Where to begin with the fun and adventures I had with Steven's???? It's hard to put into words, but here goes....
I answered a classified ad in our local newspaper for CDL drivers. The ad offered free, paid training and guaranteed placement with Steven's Transport provided you were able to complete the training program. I called the 1-800 number, and spoke VERY briefly with a Steven's Transport recruiter, who referred me to a local 'training center'.
I called the training center, and was told that yes, Steven's would sponsor students for training and would hire them after the completion of training. The training center representative told me that the training would be free, provided the employee did not quit Steven's before one year of service. They touted the fact that the company had not had a layoff in 28 years.
I was told that the training center would provide housing, at a cost of $75.00 for the duration of the training, and that we would also have to pay for our DOT physicals and drug screen, and our CDL permits and licenses. Finally, we were told that we would not recieve any pay for the three and a half weeks we were in training, but that we would begin to be paid immediately after our arrival in Dallas, Texas for orientation. We were also told that Steven's would provide THREE (3) meals per day on our arrival.
We were told that we would be paid $350.00 a week while in training, shitty, but at least we'd be getting something. At the end of the paid orientation and the over-the-road training, we'd be getting 27 cents per mile-below industry average, but hey, you have to start somewhere, right? Well, read this all the way through, and you'll see that your 27 cents per mile gets eaten up pretty f**king quickly with all the hidden fees, fines, and other Stevens bulls**t.
Since I had always wanted to try my hand at truck driving, and was in desperate need of a job, I signed up, and began the classroom portion of the training with several other students. The first two days were 'free', that is, we were not asked to make any commitment to the company. We had several pep talks from the owner of the school, who told us how fan-f**king-tastic our new 'career' was going to be, complete with promises of around $40,000 yearly income for 'hard workers'.
Other than the company sponsored pep talk, the classroom portion of the training involved taking practice tests for our CDL exams and filling out background questionaires for Steven's. Additionally, we took a DOT physical-at our own expense. After completing the questionaires and DOT physical, we were told that we were hired, and ready to begin training.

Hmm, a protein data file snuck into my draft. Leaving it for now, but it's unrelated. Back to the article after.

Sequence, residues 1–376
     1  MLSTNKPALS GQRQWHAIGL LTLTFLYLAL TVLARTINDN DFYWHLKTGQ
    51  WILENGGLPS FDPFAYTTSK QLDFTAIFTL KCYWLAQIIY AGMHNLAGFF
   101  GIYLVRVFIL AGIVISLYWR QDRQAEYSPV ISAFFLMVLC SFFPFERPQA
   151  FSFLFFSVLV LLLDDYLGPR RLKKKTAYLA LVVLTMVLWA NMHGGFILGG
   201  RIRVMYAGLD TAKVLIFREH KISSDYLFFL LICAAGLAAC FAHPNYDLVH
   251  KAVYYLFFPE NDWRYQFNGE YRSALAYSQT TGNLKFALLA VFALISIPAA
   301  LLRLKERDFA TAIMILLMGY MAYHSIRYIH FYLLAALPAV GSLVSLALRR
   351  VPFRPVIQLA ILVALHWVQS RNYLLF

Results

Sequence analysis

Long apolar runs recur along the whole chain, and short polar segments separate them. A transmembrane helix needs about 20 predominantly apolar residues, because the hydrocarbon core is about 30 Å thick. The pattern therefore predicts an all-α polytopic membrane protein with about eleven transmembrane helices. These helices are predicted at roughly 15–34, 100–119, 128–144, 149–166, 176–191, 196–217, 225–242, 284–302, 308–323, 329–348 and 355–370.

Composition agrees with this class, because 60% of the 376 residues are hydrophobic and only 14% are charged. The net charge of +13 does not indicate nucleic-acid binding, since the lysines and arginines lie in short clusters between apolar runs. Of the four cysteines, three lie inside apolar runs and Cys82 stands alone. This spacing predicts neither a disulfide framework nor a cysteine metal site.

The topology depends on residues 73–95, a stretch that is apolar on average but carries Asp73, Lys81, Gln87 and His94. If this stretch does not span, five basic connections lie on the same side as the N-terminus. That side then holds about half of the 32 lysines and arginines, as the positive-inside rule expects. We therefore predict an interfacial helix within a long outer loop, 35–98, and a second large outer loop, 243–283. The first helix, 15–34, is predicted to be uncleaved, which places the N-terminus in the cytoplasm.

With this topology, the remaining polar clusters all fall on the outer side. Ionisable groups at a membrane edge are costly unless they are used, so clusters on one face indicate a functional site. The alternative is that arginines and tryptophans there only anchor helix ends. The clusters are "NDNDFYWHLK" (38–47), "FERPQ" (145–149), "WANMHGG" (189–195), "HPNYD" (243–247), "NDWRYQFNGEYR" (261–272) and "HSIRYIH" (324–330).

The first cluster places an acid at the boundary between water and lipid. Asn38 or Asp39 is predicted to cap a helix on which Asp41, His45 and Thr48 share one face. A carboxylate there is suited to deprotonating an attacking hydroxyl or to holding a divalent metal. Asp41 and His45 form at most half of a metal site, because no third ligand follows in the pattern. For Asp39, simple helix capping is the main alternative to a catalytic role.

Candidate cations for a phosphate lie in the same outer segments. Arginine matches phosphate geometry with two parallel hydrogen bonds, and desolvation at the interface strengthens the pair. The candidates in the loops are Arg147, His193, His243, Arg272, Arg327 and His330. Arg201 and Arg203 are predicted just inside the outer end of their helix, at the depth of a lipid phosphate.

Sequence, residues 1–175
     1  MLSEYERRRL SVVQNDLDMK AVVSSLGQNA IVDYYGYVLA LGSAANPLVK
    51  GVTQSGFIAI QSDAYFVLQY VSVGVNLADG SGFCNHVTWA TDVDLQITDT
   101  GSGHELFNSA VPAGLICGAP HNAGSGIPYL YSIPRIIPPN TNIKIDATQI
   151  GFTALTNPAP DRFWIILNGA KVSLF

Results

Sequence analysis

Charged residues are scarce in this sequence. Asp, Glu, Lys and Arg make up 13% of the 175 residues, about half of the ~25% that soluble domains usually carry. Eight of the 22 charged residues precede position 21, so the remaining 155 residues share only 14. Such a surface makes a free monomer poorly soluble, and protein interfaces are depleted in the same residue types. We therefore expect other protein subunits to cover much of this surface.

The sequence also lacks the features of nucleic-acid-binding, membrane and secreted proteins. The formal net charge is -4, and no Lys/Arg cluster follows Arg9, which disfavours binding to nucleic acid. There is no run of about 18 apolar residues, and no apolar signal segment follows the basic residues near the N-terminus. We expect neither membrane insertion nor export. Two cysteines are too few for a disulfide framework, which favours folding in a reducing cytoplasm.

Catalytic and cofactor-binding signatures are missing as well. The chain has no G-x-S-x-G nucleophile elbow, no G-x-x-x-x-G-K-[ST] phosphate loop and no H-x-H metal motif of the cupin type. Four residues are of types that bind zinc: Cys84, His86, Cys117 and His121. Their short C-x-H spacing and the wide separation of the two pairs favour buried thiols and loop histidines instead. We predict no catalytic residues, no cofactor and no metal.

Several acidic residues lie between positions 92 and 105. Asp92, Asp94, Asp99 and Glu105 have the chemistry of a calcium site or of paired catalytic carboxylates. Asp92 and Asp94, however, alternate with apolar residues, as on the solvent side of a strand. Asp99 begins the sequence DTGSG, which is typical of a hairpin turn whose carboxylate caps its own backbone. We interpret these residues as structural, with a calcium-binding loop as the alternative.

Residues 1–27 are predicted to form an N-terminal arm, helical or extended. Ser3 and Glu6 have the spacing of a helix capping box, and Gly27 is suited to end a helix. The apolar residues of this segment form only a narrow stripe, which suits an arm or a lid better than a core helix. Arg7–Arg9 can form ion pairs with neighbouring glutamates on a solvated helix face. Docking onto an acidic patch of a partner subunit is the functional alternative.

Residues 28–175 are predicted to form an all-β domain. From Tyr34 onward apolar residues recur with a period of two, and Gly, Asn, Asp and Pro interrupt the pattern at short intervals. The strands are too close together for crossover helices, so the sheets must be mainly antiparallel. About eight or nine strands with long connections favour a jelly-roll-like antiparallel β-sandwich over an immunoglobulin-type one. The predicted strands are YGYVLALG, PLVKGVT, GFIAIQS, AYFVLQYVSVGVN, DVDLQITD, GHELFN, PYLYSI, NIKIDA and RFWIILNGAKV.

On day 3, the scam began. We were asked to sign Steven's Transport tuition agreements. We were instructed to cross out all of the repayment details, and told that this would not be necessary because, if we did not quit before our one year mark, we would owe nothing. Note, nothing was said AT ALL about being fired or laid off.
The total cost of the three and one half week training course was to be $5,999.00, at a 'reasonable' interest rate of 19%. Yes, that's right, campers-19%. We were also told that if we wanted to pay up front, the cost was $3000. Why the 50% increase? In short, to make certain that, no matter how illegal or unethical the employer's demands, that we would be scared to death to quit.
We asked for copies of the signed loan agreements, only to be told that we would get them after arriving in Dallas. The owner of the training center himself refused to provide these contracts, and implied that we would be seen as 'rocking the boat' as brand-new employees if we continued to complain.
In retrospect, I should have bailed at this point, but Steven's KNOWS they're recruiting desperate people who need a job, and believe me, they prey on that. It should be noted that refusing to provide copies of a signed loan contract is ILLEGAL under Federal law, but it would soon become obvious that breaking the law means little, if anything, to this outfit.
Now on to the fantastic "training center". In the interest of fairness, about half of the staff REALLY seemed to take their jobs seriously. They showed up for work on time, provided instruction that was geared toward the individual student, and took extra time with the folks who struggled. They were a little rough around the edges and didn't really have time for folks who didn't want to listen, but who can blame them? Note, I said that this describes half of the staff.